When not having video game-induced existential crises, I have actually been reading. However, the earthquakes have completely disrupted my already somewhat shaky book tracking. At this point I am just going to go through the lists I have and do brief commentary, with a few noble exceptions…
Books I would like to come back to in more depth, but let’s be realistic here:Karen Healey’s The Shattering
, which I read in ARC some time after the February earthquake, and which is now out officially. I liked Guardian of the Dead (her debut YA novel) but felt it went off-track; this is much better. Perfect NZ town (somewhere Nelson-ish, I think) has dark side, uncovered by trio of teenagers with interesting assortment of identities. I particularly liked the use of emotional control as part of the magic system.Jordan Castillo Price, the Psycop series
(Among the Living, Criss Cross, Body and Soul, Secrets, Camp Hell, GhosTV, and an assortment of shorts that fit in around the first three books, of which I like Thaw but am not all that keen on the Crash ones). These are ebook psychic cop thrillers (hard to believe from the name, I know), in a version of the US where psychics are real but not all that understood and the main character, Victor Bayne, is an endearingly awkward medium who has spent much of his life running from any deeper contemplation of his abilities, mainly via a vast variety of licit and illicit pharmaceuticals (I think he’s the first protagonist I’ve seen who’s sniffed glue, though, rather than go for all that glamorous intravenous stuff).( Jordan Castillo Price, the Psycop series. )Wendy Wan-Long Shang, The great wall of Lucy Wu.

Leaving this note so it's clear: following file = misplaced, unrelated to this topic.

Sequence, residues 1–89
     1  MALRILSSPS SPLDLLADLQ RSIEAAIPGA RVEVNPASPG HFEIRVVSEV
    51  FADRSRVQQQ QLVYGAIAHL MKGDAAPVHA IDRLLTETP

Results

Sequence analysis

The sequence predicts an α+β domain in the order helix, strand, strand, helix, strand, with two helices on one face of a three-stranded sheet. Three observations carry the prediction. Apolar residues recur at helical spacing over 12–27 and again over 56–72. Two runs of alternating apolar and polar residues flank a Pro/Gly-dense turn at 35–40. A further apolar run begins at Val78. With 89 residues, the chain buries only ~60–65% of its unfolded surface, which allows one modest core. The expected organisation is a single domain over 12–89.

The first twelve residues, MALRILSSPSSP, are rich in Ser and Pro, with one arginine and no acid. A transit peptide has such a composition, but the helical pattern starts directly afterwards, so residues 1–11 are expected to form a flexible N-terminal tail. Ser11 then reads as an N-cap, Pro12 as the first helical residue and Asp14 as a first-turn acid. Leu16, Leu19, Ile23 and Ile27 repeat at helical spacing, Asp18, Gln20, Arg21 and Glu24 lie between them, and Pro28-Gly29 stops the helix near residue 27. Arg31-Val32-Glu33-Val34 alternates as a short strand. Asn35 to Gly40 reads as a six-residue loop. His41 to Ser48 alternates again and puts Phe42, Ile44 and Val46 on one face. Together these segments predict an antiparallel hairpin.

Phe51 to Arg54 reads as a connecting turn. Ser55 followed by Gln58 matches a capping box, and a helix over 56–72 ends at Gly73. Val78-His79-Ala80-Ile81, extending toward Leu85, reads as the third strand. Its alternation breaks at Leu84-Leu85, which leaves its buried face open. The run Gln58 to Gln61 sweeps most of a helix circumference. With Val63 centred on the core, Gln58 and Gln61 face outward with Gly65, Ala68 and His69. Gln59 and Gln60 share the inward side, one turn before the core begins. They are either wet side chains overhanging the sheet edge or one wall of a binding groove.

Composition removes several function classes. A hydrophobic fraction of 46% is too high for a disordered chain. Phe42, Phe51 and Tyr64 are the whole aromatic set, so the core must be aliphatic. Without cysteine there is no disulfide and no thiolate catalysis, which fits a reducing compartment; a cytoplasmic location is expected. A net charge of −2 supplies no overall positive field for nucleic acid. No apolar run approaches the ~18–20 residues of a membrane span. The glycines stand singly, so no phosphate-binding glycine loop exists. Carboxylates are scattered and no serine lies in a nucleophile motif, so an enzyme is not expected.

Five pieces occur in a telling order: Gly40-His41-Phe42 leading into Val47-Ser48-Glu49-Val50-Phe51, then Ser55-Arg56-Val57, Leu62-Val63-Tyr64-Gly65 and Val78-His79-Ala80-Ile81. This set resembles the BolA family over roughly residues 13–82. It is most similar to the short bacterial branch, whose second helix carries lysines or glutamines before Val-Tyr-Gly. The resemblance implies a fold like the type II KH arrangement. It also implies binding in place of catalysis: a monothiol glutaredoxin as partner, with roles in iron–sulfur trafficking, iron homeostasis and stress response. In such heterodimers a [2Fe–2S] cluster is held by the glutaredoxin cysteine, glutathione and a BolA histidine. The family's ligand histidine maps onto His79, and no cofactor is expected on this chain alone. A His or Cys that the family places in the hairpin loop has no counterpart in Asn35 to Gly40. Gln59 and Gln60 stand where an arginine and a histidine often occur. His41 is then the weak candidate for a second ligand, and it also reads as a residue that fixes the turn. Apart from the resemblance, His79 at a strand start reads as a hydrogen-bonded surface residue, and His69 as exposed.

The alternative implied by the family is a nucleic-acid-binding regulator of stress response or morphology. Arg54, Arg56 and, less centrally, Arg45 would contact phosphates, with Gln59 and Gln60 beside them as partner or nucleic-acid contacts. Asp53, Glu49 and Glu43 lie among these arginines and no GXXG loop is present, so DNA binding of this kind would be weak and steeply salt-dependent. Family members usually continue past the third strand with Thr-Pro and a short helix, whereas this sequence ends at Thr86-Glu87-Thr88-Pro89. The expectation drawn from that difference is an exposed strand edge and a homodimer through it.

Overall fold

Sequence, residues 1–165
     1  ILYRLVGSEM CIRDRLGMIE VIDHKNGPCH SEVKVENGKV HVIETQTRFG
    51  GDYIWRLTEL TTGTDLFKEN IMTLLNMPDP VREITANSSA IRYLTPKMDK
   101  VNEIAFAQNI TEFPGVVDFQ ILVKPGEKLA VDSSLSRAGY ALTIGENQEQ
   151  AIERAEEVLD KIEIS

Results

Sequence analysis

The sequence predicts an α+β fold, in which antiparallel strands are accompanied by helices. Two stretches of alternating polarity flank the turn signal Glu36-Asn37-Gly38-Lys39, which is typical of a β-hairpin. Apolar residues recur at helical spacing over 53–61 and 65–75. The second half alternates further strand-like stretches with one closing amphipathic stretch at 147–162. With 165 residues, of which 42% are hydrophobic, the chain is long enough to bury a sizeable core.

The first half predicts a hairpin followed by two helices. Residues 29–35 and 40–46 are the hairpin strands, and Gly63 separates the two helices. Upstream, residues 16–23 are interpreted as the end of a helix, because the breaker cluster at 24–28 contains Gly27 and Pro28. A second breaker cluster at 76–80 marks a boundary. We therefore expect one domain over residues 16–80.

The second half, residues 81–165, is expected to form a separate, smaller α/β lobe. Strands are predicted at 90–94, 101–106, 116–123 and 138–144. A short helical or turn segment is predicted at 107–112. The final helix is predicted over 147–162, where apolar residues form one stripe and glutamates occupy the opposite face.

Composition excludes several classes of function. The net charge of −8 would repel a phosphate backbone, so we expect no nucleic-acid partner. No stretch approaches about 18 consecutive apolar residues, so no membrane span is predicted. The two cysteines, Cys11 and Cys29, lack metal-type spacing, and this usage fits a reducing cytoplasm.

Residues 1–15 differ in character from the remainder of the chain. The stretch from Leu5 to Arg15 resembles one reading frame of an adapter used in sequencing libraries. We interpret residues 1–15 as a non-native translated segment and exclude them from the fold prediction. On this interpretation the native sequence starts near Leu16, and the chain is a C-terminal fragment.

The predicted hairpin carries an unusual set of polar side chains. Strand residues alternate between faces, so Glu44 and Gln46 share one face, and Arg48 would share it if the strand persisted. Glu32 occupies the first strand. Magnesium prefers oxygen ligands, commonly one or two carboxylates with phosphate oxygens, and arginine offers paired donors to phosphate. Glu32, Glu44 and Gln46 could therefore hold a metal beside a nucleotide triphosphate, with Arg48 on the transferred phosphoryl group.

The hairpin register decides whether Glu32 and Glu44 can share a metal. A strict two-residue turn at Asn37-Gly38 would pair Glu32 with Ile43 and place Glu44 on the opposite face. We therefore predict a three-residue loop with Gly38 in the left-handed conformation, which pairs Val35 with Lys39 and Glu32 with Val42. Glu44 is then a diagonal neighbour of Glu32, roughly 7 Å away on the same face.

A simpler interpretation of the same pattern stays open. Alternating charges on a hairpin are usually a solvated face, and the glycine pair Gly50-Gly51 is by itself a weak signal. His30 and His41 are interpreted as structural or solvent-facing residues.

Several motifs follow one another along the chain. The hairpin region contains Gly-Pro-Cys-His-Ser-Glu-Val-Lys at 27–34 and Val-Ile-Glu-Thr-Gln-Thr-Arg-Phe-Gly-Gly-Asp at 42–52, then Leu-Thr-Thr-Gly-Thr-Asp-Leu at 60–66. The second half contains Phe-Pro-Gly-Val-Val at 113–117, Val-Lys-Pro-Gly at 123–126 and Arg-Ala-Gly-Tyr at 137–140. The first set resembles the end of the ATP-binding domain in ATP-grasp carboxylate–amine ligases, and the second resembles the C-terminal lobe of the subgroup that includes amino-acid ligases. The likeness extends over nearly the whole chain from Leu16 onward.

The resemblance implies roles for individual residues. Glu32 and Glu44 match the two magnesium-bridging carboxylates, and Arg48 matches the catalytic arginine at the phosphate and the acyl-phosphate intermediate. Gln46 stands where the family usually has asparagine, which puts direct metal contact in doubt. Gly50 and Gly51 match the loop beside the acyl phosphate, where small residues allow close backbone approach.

Chinese-American girl dealing with heritage. I read this months ago and liked it a lot; it gets a lot done in a little space, and gives all its characters a chance to breathe without making them into obvious stereotypes. Also, it made me desperately crave noodles.Gene Luen Yang, Prime Baby.
Resentful older brother is convinced there is something strange about his new baby sister, confirmed when she starts babbling in primes. I don’t think this quite pulls off the dislocation effect, and as with American Born Chinese this story still sees all its female characters as objects rather than subjects.Megan McCafferty, Bumped.
YA dystopia where falling fertility means that only teenagers can get pregnant. Melody is holding out for the best contract she can get when her separated at birth identical twin (Harmony, naturally) shows up, having escaped from her religious upbringing. I liked the slang and the moment when Melody declares to a vast array of paparazzi that she has been having Non Reproductive Sex (“with condoms!”) with her contract partner, but too little of the world had changed, and the lead’s avoidance of all sexual activity (and bookwise, being rewarded for this) felt too much like the same old thing.( Assorted ebooks. )